You have written so much that I will have to go through the text later and insert my comments in various places.
And then try to structure our dialogue.
Here is what I have to say now:
I very much appreciate the references to
Boris Groys’s “politics of installation.”
I agree with him (and with you) that Walter Benjamin’s claim that the work of art loses its aura in the age of mechanical reproduction is incorrect.
Groys suggests that Benjamin’s argument is based on modernity as a total homogeneous space with a technology capable (in theory) of producing “perfect reproductions,” whereas, in fact, images are constantly being transformed, rewritten, edited and reprogrammed as they circulate in these networks – and with each step they visually change…”
and here’s a listen to Seikilos epitaph, the first known recording to mankind of a musical melody written by a husband who had lost his wife. Someone recorded this tune in the game Minecraft, designed the music video and made the arrangement.
But there are endless variations of Seikilos epitaph playback.
In the case of an abstract symbolic structure, detached from concrete situations and human relations, the same thing is possible as Groys writes about: the work is transformed, rewritten, edited and reprogrammed as it is reproduced.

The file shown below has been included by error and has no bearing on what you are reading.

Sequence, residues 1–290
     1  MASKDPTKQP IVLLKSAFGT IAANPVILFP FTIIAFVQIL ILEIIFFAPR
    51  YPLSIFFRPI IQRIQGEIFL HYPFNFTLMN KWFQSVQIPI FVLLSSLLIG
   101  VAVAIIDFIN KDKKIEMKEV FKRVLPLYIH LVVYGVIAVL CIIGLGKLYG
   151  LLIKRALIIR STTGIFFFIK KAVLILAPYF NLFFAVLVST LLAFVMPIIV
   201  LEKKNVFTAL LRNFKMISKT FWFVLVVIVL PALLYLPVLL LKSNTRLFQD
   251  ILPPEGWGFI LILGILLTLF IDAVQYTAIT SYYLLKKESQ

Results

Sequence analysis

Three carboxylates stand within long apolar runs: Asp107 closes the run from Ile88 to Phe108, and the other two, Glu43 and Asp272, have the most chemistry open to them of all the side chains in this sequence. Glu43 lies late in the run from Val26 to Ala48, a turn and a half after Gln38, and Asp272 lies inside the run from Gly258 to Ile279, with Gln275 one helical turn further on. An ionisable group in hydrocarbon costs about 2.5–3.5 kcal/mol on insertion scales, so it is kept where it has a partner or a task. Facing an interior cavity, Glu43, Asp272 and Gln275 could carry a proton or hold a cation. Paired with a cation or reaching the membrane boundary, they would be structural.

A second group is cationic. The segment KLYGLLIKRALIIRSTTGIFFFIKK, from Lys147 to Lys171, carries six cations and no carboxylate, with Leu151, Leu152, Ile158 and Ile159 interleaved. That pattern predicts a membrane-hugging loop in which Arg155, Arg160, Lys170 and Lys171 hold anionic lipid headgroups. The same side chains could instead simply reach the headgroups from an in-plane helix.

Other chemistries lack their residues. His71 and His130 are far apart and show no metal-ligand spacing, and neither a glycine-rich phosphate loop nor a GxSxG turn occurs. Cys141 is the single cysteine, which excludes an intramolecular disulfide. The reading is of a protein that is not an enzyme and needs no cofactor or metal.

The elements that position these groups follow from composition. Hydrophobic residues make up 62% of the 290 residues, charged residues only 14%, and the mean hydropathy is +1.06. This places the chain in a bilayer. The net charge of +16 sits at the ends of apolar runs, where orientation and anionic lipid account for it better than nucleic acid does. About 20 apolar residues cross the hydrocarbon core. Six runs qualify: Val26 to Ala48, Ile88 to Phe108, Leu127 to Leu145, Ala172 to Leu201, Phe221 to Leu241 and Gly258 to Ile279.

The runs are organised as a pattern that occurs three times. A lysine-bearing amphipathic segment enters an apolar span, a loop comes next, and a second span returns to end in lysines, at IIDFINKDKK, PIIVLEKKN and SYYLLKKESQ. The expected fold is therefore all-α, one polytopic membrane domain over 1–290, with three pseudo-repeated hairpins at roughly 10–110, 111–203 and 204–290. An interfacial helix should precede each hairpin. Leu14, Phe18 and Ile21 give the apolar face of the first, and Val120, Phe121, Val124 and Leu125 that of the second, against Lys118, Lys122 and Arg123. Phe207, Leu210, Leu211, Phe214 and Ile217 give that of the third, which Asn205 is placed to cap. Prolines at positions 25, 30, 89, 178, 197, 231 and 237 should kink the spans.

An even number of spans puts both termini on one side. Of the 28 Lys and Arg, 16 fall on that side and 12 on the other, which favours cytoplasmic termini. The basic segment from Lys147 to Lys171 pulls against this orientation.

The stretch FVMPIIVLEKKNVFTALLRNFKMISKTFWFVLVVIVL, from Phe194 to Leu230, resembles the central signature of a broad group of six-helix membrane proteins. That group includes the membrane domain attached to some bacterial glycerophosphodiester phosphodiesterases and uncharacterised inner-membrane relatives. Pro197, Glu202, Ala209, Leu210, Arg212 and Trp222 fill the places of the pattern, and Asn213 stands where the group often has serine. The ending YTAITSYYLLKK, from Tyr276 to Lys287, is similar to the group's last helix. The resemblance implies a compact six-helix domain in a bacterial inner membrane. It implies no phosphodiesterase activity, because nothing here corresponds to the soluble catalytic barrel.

The tune is no longer a story of the pain of a husband who has lost his beloved wife; it has nothing to do with the place of performance nor even with the instruments being used.
If we compare musical notes with cash that can be lent to strangers by accurately calculating the interest on the loan if we compare musical notes with the mathematical laws of the golden ratio with which the ancient Greeks described “Beauty and Eternity,” it is clear that we are talking about the same thing everywhere: using technology to abstract and scale away from specific social relationships.
David writes that the emergence of these abstractions, appearing almost simultaneously in different parts of the world, was accompanied by an unprecedented rise in the sciences, philosophies, and arts and, at the same time, a surge of incredible violence and wars.
Yesterday we read chapter 11 of The Debt of 5000 Years and it seemed to me that when David wrote his last book on War, it was this chapter that he planned to develop and finish.